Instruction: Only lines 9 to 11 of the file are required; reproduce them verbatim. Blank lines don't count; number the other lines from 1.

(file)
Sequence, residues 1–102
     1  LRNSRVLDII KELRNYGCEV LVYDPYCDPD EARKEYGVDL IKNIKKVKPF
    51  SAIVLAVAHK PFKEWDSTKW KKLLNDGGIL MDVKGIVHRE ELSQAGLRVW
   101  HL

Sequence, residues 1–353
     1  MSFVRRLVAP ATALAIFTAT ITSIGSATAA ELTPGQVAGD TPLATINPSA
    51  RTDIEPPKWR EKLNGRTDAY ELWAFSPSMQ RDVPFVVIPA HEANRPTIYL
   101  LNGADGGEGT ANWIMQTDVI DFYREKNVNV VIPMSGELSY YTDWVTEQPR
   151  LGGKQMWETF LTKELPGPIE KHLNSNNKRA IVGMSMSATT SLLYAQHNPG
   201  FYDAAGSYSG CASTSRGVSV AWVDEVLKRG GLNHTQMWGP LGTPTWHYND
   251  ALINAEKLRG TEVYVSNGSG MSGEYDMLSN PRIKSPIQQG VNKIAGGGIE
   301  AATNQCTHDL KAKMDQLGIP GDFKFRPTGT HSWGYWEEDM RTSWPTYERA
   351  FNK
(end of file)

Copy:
   151  LGGKQMWETF LTKELPGPIE KHLNSNNKRA IVGMSMSATT SLLYAQHNPG
   201  FYDAAGSYSG CASTSRGVSV AWVDEVLKRG GLNHTQMWGP LGTPTWHYND
   251  ALINAEKLRG TEVYVSNGSG MSGEYDMLSN PRIKSPIQQG VNKIAGGGIE